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New genetic clue to ectopic pregnancies found by Wellcome Sanger Institute

A gene that could play a key role in ectopic pregnancy has been pinpointed by researchers at the Wellcome Sanger Institute.

The study, in mice, offers a promising target for further study in humans to search for genetic mutations or anomalies underlying the condition.

A micrograph of an ectopic pregnancy, also known as eccyesis or tubal pregnancy, is a complication of pregnancy in which the embryo attaches outside the uterus
A micrograph of an ectopic pregnancy, also known as eccyesis or tubal pregnancy, is a complication of pregnancy in which the embryo attaches outside the uterus

Ectopic pregnancy occurs when a fertilised egg implants and develops outside the uterus, usually in one of the fallopian tubes.

It is not possible to save a ‘tubal pregnancy’ when this occurs - medicine or an operation is usually required to protect the health of the mother.

The NHS says about one in every 90 pregnancies is ectopic, which amounts to about 11,000 pregnancies a year. Across Europe and the US, it affects one to two per cent of all conceptions and is the most common cause of pregnancy-related death in the first trimester, yet the cause is unknown.

Sanger researchers have discovered that the gene Adgrd1 is important in the journey of the egg from the ovary to the uterus, along the fallopian tubes, which are also known as oviducts.

When this gene was deleted, female mice became infertile, as all their eggs remained stuck in the fallopian tubes.

This was the first evidence of gene regulation in the transit of eggs from the ovaries to the uterus in mammals.

In the normal process, the egg ‘pauses’ for several days at a certain location in the fallopian tubes, called the ampullary-isthmic junction. This is where fertilisation occurs if sperm are present, before the egg then continues its journey.

If fertilised, the egg should implant into the wall of the uterus.

The egg’s movement is controlled by factors including tiny hairs, or cilia, on the surface of the fallopian tubes, which ‘wave’ the egg towards the uterus. Muscle contractions and the flow of oviductal fluid also aid the egg’s journey, but the biology of this process is not yet fully understood.

In particular, scientists have not known how the ‘pause’ at the ampullary-isthmic junction is regulated.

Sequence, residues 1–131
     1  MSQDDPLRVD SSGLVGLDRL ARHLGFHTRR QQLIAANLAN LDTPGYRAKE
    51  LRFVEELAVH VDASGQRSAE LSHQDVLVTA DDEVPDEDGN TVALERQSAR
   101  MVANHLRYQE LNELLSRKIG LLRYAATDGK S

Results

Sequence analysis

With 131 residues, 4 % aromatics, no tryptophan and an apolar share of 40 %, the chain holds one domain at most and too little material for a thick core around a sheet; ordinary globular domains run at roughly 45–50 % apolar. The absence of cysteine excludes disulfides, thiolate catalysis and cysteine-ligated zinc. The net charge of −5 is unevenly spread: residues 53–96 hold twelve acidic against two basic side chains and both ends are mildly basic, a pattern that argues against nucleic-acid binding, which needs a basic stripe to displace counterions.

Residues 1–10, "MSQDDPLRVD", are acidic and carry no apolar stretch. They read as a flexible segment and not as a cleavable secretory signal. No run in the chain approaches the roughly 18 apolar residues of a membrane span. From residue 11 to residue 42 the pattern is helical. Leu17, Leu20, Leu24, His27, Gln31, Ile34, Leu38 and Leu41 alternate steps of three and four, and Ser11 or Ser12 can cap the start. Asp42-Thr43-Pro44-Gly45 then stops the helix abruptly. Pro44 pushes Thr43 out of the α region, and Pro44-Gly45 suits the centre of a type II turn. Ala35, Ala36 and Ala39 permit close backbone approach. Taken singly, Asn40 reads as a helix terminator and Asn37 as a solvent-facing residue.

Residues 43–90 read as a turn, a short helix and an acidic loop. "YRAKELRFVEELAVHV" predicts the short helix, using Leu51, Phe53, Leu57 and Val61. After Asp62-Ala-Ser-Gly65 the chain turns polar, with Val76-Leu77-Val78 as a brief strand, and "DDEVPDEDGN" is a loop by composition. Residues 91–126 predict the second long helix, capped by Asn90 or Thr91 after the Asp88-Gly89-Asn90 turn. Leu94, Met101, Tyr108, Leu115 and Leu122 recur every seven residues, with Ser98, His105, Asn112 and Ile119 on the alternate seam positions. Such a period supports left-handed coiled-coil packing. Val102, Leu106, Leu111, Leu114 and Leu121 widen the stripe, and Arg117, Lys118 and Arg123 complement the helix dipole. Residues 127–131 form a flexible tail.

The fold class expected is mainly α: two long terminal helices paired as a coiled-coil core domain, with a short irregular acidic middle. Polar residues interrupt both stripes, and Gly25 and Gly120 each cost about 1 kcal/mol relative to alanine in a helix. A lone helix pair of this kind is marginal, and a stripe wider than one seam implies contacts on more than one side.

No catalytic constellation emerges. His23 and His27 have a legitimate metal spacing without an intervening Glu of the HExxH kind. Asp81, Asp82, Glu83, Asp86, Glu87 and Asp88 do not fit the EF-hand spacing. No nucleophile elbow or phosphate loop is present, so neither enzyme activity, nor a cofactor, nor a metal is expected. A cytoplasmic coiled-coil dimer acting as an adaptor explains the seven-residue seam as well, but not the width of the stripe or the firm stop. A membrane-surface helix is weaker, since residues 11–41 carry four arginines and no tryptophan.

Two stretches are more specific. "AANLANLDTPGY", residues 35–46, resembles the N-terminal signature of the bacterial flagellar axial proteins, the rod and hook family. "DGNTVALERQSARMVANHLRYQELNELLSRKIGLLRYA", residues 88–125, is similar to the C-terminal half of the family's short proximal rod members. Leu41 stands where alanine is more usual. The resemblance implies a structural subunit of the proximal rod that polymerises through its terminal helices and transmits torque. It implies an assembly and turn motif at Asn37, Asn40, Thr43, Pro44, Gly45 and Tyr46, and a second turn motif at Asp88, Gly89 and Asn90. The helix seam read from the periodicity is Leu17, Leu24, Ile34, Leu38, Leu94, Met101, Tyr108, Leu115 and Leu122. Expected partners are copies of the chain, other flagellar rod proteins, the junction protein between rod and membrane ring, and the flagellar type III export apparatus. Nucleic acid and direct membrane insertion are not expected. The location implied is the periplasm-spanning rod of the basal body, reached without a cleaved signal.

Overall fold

In their study, Sanger scientists aimed to identify genes required for female fertility whose function was not fully understood.

Analysing the International Mouse Phenotyping Consortium database, which has data on mice that have had certain genes suppressed or ‘switched off’, they identified Adgrd1 as a gene of interest.

An ultrasound scan
An ultrasound scan

Examining female mice lacking a functional Adgrd1 gene, they found the ovulated normally and fertilisation took place. But the eggs could not move past the ampullary-isthmic junction and implanted outside of the uterus.

The mechanism was the same as ectopic pregnancy in humans, although that condition does not occur in mice - instead, they are simply infertile.

Investigating the movement of cilia in the fallopian tubes, muscle contractions and the flow of oviductal fluid, they sought to understand why, and scientists at US-based biomedical company Genentech conducted a genetic screen to determine the molecular mechanisms involved.

They concluded that the suppression of Adgrd1 activity was affecting the flow of oviductal fluid, which prevented the egg continuing its journey to the uterus after pausing at the ampullary-isthmic junction

Dr Enrica Bianchi, first author of the study from the Wellcome Sanger Institute, said: “The flow of oviductal fluid in mammals is somewhat counterintuitive, in that it flows in the opposite direction to the egg’s direction of travel. What we’ve discovered in this study is that the strength of this flow is normally downregulated by the Adgrd1 gene. But when Adgrd1 is suppressed, the flow is not reduced and the egg cannot seem to move past the ampullary-isthmic junction.”

Nadia Martinez-Martin, a senior author of the paper from biotechnology company Genentech, suggested the work “opens new avenues for the treatment of ectopic pregnancy”.

Further studies are required in humans, which share a similar reproductive biology to mice and many other mammals, to see if the role of Adgrd1 is the same and whether there is a connection between the mutation or loss of function of the gene and ectopic pregnancy.

Dr Gavin Wright, senior author of the study from the Wellcome Sanger Institute, said: “Though several risk factors of ectopic pregnancy are known, the precise genetic and molecular mechanisms behind the condition have remained unclear. The discovery of the function of Adrgd1 in oviductal fluid regulation, and the consequences of its absence, provides an important clue for researchers studying the causes of ectopic pregnancy in future.”

The research was published in Nature Communications.

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